Typical dental insurance premiums are $20-$50 per month for an individual and $50-$150 for a family, but they vary considerably based on the type and scope of coverage. If your employer is offering the plan, they may pay a portion of the premium for you. If you’re buying the plan on your own, you’ll pay the full cost yourself. The ACA’s premium subsidies don’t apply to stand-alone dental plans for adults, even if they’re purchased through the health insurance exchange in your state.
For children, pediatric dental coverage is one of the ACA’s ten essential health benefits, and premium subsidies sometimes offset a portion of the cost of a stand-alone pediatric dental plan. But even with the ACA’s regulations, coverage, price, and plan availability vary widely from one area to another.
Dental discount plans
Dental discount plans differ from dental insurance mainly because they DON’T pay any dental expenses for you. Instead, they provide discounted prices from participating dentists.
There are generally no deductibles, no waiting periods, and no annual maximums. Typical discounts range from 10 to 60 percent for normal dental work. Plans cost as little as $100 annually for individuals and $150 for families.
If you know you’re going to need extensive dental work, a dental insurance plan with benefit caps and waiting periods might not provide much help. But a dental discount plan could save you significantly more than the cost of its membership fees, particularly if you need several dental procedures during the year. Since membership benefits for an individual are typically less than $150 per year, a member would come out ahead with even small discounts on a few significant dental procedures. But it’s important to keep in mind that even with a dental discount plan, you’ll still pay a significant chunk of the cost of dental work, particularly if you need extensive work done.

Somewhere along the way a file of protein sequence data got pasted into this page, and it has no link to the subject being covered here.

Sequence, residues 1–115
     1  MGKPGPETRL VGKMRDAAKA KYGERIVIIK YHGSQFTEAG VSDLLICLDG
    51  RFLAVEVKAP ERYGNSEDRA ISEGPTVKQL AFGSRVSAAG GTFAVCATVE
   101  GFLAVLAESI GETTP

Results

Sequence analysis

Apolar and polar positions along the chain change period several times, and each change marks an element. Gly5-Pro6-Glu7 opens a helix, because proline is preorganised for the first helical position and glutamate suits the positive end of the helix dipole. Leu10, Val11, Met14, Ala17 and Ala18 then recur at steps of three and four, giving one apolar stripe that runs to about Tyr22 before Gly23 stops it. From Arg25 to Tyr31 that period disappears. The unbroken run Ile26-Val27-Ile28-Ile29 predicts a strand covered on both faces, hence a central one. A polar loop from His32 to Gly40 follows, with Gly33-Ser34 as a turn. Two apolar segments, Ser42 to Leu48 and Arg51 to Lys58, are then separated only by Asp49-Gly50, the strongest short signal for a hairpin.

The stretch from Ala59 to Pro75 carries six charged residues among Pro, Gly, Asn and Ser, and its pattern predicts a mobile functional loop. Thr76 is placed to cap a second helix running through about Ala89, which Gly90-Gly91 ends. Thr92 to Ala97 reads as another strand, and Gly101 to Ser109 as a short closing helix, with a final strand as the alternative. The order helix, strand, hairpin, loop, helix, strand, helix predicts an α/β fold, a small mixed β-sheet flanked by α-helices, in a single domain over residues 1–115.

If you’re considering a discount dental plan, contact some of the dentists on the network and discuss actual charges with them to determine how much you’ll save by using the plan. (Note that dental discount plans are not the same thing as medical discount plans; the latter should generally be avoided, given how high out-of-pocket medical costs can climb without health insurance).
Other discount options
It also pays to be aware that some dental discounts can be obtained simply by asking for them. A dentist may be willing to offer you a discount in trade for agreeing to standing biannual appointments, paying cash at the time you receive services, or referring other patients. For those who don’t already have a dentist, free exams and x-rays are frequently offered to new patients.
Reduced-cost dental care is also available at dental schools, and many communities have charity dental programs available for low-income patients. Shop around for discounts prior to obtaining dental care, even if you don’t have any sort of dental coverage.
Louise Norris is an individual health insurance broker who has been writing about health insurance and health reform since 2006. She has written dozens of opinions and educational pieces about the Affordable Care Act for healthinsurance.org. Her state health exchange updates are regularly cited by media who cover health reform and by other health insurance experts.